Which U.S. volcanoes pose a threat?

Release Date:

USGS Volcanic Threat Assessment updates the 2005 rankings.

Map showing the locations of all U.S. volcanoes

Map showing the locations of all U.S. volcanoes with their threat category designated by color. Very high threat is red, high is orange, moderate is yellow, low is green, and very low is blue. 

(Public domain.)

The updated assessment finds that 161 U.S. volcanoes pose potential threats to American lives and property, eight fewer than in 2005. The eighteen very highest threat volcanoes are in Alaska, California, Hawaii, Oregon and Washington. Thirty-nine other volcanoes are high threat, 49 are moderate, 34 are low, and 21 are very low threat.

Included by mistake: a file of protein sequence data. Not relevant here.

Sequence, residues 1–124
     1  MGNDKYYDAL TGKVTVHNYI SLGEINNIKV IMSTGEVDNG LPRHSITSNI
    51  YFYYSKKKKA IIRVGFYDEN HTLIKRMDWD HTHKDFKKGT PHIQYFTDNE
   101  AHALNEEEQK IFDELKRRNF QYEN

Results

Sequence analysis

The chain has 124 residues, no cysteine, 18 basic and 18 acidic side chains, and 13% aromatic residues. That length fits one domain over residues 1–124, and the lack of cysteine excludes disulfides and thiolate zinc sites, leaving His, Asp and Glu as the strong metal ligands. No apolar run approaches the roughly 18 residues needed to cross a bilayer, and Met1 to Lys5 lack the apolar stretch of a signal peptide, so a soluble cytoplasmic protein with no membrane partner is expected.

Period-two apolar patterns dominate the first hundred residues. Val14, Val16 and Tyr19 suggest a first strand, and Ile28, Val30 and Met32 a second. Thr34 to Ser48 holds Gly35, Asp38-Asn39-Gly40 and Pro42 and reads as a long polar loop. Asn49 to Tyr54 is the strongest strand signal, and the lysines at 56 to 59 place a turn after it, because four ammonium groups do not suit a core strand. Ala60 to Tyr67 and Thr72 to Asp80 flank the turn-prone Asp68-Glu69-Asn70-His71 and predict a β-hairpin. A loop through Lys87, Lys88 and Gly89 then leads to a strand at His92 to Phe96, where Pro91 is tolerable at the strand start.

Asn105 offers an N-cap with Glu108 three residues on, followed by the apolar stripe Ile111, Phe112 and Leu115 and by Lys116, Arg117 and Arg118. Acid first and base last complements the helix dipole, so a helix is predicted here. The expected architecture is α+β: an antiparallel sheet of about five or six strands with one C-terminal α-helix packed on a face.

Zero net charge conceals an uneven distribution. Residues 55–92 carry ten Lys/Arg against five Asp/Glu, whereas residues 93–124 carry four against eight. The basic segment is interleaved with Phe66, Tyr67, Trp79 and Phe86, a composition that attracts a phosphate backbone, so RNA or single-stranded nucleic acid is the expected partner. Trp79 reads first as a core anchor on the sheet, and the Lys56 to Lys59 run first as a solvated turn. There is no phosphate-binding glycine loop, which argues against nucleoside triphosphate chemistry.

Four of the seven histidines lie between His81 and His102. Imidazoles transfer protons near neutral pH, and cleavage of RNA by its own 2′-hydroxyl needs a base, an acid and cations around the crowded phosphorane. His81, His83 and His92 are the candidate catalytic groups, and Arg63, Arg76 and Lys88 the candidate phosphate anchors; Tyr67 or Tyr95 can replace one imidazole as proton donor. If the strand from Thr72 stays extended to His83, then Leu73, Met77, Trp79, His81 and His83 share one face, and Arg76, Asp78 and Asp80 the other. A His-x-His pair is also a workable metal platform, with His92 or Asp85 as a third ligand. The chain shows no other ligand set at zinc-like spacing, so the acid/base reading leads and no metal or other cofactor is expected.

As part of its program of keeping officials and the public apprised of volcanic threats, the USGS periodically reassesses the threat level of U.S. volcanoes and updates volcanic threat assessment documentation. In 2005, the USGS published its first national volcanic threat assessment in support of establishing a National Volcano Early Warning System. The assessment helps to prioritize U.S. volcanoes for research, monitoring and mitigation efforts based on objective measures of volcano hazards and exposure of people and infrastructure to those hazards. The new publication is an update of that assessment.

“More than ten percent of the world’s known active and potentially active volcanoes are within U.S. territories,” said John Ewert, a USGS geologist and lead author of the updated Volcanic Threat Assessment. “All of these volcanoes pose some degree of risk to people and infrastructure.”